Véronique LaCapra

Science Reporter

Science reporter Véronique LaCapra first caught the radio bug writing commentaries for NPR affiliate WAMU in Washington, D.C. After producing her first audio documentaries at the Duke Center for Documentary Studies in N.C., she was hooked! She has done ecological research in the Brazilian Pantanal; regulated pesticides for the Environmental Protection Agency in Arlington, Va.; been a freelance writer and volunteer in South Africa; and contributed radio features to the Voice of America in Washington, D.C. She earned a Ph.D. in ecosystem ecology from the University of California in Santa Barbara, and a B.A. in environmental policy and biology from Cornell. LaCapra grew up in Cambridge, Mass., and in her mother’s home town of Auxerre, France.

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Stroke Care
8:01 am
Sat October 26, 2013

Wash U Study Confirms Medication, Lifestyle Changes Safer Than Surgery For Some Stroke Patients

(via Wikimedia Commons/Blausen Medical)

Research led by Washington University confirms that medication and lifestyle changes are safer and more effective at preventing certain strokes than surgery.

Most strokes are caused by a reduction in blood flow to the brain ― usually from a blocked artery in the heart or neck. In about a tenth of cases, a narrowed brain artery is to blame.

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Lethal Injection
4:27 pm
Wed October 23, 2013

Execution Drug Sources No Longer Public After Mo. Rule Change

A picture of propofol, a drug Mo. was planning to use for lethal injection. Under the state's new rule, showing who made or supplied the drug would be illegal.
Veronique LaCapra, St. Louis Public Radio

Two weeks ago, Gov. Jay Nixon instructed the Missouri Department of Corrections to come up with a new procedure for carrying out lethal injections.

On Tuesday, the department announced that it had chosen a new execution drug: pentobarbital. But the state also made a change that will end up making it harder, if not impossible, to know where the drugs come from.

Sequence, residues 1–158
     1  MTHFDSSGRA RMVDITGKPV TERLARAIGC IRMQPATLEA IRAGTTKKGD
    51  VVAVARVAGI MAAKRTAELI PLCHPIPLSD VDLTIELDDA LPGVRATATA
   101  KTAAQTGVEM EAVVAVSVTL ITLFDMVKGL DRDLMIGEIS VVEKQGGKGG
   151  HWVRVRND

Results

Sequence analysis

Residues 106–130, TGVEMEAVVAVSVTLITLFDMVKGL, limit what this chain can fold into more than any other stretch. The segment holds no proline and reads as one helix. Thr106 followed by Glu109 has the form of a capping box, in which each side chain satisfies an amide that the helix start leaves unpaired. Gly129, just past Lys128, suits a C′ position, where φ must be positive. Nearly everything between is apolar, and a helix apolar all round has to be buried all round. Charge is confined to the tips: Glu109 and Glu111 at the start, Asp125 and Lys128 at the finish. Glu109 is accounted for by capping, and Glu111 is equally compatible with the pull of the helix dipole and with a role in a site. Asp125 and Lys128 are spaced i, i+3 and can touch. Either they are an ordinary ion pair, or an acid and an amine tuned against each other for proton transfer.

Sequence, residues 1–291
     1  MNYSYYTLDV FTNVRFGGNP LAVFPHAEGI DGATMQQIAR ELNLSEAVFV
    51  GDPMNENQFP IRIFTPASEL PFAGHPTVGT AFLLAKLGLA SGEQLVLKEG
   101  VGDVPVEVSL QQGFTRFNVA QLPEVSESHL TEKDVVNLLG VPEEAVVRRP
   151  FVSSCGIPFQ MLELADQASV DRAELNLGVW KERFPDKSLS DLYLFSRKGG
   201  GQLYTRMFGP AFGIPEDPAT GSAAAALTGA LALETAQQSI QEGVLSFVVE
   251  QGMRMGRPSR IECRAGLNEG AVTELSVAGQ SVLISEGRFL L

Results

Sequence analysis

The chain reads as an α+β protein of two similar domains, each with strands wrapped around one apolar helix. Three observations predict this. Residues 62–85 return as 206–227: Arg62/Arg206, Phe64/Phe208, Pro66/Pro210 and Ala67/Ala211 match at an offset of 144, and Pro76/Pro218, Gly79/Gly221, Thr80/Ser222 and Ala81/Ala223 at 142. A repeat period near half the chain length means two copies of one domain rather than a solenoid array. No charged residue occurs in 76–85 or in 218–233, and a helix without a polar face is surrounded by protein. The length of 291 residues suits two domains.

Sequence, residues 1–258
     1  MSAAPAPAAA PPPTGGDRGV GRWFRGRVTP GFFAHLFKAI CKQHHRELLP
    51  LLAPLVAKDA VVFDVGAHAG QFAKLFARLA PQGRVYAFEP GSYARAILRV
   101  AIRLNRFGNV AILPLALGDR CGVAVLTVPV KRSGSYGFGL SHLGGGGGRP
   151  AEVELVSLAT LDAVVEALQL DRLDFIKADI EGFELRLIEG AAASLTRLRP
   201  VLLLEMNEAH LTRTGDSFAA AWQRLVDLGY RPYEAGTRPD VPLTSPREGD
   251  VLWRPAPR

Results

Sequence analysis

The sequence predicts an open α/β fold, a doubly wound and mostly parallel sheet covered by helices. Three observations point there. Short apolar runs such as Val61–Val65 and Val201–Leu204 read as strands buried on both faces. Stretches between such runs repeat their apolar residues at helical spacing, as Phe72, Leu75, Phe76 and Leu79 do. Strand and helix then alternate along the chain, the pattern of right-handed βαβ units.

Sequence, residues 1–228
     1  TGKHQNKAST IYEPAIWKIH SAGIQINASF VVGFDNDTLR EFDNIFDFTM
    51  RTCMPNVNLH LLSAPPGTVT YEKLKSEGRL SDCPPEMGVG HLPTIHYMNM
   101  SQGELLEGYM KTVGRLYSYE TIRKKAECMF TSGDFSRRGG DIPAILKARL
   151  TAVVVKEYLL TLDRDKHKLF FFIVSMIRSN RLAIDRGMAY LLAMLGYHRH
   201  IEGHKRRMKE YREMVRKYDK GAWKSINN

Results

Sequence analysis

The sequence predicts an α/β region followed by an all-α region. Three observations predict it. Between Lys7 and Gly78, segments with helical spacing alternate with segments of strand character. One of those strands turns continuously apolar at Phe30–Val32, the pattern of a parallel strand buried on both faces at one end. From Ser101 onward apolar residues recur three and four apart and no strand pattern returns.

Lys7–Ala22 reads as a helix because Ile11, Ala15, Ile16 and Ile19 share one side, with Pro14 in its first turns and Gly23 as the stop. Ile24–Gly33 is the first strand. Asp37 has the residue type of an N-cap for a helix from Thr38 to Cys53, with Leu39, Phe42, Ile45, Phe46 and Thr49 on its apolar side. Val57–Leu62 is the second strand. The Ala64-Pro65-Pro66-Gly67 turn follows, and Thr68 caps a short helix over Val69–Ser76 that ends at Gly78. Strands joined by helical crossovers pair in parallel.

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Bridgeton Landfill
3:23 pm
Tue October 22, 2013

Radioactivity Testing At Bridgeton Landfill To Start Next Week

An underground fire has been smoldering at the Bridgeton landfill for more than 2 years.
(Véronique LaCapra/St. Louis Public Radio)

Updated 4:07 p.m.

Preliminary work to build a firebreak at the Bridgeton Landfill will begin next week. But a local environmental group is worried about what it could stir up.

To figure out where they can safely dig the trench that will separate the underground fire from the radioactive waste, contractors will test the soil for radioactivity. That involves clearing trees and shrubs away from where the firebreak will be built.

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West Lake Landfill
6:22 pm
Fri October 18, 2013

EPA Considering Landfill Fires In Re-evaluating What To Do With Radioactive Waste In Bridgeton

This map from May, 2013, shows part of the West Lake Landfill in Bridgeton. The underground fire is shaded in red, the radioactive waste in orange. The 1993 fire was in the north quarry, closer to the radioactive waste.
Missouri Department of Natural Resources

This isn't the first time a fire has smoldered underground at the landfill in Bridgeton.

The Missouri Coalition for the Environment says another subsurface fire burned there in 1993.

They found a reference to that fire in an old report related to the U.S. Environmental Protection Agency's management of radioactive waste at the landfill.

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Lethal Injection
5:45 pm
Fri October 11, 2013

Gov. Nixon Halts Execution Using Controversial Drug - Why The Change Of Plans?

Propofol.
(Veronique LaCapra/St. Louis Public Radio)